You may hear of an alcoholic father tell his son not to drink, when he goes right on drinking himself. You may learn of a single parent encouraging a child to study harder to become accepted to university when this is a dream the single parent had yet to realize.  You may advise a friend to elope when you never had the courage to make such a decision yourself.  You may encourage a brother to take a job abroad when but for your fears, you only dream of the experience yourself. You may advise friends not to get their children involved in too many activities when your toddler's agenda is busier than your own.  Whatever advice you offer to others may be what you most wish for yourself.  In principle, these choices you suggest may be great opportunities for the people you advise, but their choices are ultimately theirs.  Your life choices could benefit from your advice.

Above all, listen closely to yourself. You can always become more attuned to who you are and the steps you need to take to become the person you envisage. Yoru offers clues about what to do.        


8 Tips to Strengthen Life Relationships

1. Identify your thoughts & feelings honestly: explore if you communicate exactly what you feel.  In cases where you haven't been open with others, then you're also lying to yourself. It's unlikely people will be able to read your mind.  As you clarify things for them, you will also help yourself.

2. Confront your negative thoughts & feelings: determine the root causes of pain and related fears that may drag you down.  Consider a time when you may have sabotaged a relationship.  Imagine you remove weeds from your mind and a more positive relationship garden will grow.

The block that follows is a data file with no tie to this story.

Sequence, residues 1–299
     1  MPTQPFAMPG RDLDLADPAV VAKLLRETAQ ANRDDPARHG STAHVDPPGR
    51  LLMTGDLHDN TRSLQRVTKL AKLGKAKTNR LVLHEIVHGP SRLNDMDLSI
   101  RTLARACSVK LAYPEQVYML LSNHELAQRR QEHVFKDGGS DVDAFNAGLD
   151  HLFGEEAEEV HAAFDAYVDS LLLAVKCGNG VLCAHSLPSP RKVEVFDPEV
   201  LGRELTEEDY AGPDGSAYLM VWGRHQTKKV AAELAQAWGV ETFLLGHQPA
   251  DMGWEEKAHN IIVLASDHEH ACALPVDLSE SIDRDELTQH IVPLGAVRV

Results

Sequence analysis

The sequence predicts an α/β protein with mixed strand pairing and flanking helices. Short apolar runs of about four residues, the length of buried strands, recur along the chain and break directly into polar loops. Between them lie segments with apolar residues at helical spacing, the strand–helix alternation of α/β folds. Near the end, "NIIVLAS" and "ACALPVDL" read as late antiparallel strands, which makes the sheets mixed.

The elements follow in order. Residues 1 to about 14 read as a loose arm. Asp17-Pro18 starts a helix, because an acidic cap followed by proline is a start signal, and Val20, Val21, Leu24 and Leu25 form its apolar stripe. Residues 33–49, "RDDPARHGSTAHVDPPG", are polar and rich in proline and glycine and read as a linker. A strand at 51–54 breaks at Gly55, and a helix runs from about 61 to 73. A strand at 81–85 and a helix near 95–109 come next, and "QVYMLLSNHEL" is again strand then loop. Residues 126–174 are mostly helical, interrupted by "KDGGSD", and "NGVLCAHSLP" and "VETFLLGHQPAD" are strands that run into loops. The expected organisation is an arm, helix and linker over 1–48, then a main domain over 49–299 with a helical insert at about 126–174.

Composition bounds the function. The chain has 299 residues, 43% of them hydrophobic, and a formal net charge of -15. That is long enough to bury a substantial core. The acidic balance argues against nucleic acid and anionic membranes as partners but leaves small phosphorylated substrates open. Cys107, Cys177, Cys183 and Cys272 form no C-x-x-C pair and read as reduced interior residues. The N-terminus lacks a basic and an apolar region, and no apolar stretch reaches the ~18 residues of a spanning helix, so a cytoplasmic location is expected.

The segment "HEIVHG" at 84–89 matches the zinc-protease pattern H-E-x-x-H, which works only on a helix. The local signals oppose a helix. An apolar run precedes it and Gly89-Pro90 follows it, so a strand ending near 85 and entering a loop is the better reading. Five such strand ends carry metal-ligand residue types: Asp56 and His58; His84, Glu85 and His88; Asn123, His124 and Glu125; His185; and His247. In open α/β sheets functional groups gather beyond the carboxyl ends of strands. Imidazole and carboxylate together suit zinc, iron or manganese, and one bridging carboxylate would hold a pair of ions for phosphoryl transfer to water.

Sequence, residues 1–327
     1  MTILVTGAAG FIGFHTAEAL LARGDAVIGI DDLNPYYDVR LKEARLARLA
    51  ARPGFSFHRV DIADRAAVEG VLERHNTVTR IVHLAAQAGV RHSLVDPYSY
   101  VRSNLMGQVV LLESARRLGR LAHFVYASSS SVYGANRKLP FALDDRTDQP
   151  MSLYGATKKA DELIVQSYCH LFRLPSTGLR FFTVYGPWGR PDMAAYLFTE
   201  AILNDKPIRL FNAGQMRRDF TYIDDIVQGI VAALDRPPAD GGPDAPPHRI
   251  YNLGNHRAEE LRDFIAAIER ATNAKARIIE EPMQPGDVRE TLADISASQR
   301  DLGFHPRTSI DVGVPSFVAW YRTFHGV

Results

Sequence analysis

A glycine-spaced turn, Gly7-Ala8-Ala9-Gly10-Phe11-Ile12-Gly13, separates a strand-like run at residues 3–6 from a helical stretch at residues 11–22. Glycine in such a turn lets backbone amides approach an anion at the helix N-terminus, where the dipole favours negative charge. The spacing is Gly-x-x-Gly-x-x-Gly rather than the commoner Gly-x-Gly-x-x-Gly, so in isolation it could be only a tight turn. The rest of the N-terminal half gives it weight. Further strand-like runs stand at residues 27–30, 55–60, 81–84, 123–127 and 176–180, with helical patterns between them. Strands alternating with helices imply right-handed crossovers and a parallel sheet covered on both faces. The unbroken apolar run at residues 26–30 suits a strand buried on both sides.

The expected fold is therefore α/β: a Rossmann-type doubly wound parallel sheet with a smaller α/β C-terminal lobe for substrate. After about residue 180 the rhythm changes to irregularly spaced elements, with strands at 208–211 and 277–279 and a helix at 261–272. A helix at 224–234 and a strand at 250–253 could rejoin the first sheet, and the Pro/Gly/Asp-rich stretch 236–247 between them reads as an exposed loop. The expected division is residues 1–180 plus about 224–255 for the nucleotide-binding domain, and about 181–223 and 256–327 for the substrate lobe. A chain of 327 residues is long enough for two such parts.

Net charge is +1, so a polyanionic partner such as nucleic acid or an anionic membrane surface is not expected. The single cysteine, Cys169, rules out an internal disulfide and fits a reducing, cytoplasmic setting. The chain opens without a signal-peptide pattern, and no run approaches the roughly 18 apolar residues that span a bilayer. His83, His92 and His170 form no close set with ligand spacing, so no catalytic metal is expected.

3. Facilitate two-way communication: act to become a more effective listener and speaker.  Men only take in small amounts of information at a time. They feel comfortable when they take turns. Women are multi-taskers. They thrive on talking fast and cover more topics in depth.   Whatever your gender or personality, remind yourself that not everyone is well-equipped to think and talk about many things at once.  Listen to the words you choose. They reveal your personality type.

4. Empathize with others to sense how they feel: grow to appreciate things from different points of view.  Explain that you understand what a person has said by repeating it and putting it into context.  You also have the freedom to explain why their opinion may not apply and why.

5. Practice problem-solving: isolate problems, generate alternatives, and evaluate your results.  If you have issues with someone or forsee a potential issue, try dealing with it hypothetically. Imagine a scenario to yourself or aloud with the other person involved.  Discuss potential reactions and how you would react if you were in their shoes. Reverse roles. Share opinions.

6. Assert yourself: tell others what you desire, work toward it and be willing to compromise. You need to find the courage to discuss what your relationship goals are on various levels. The only way you will know if you are on the same wavelength about shared issues (i.e., children, bills, housing, groceries, chores, ect.,) is if you learn to present your views in non-threatening ways.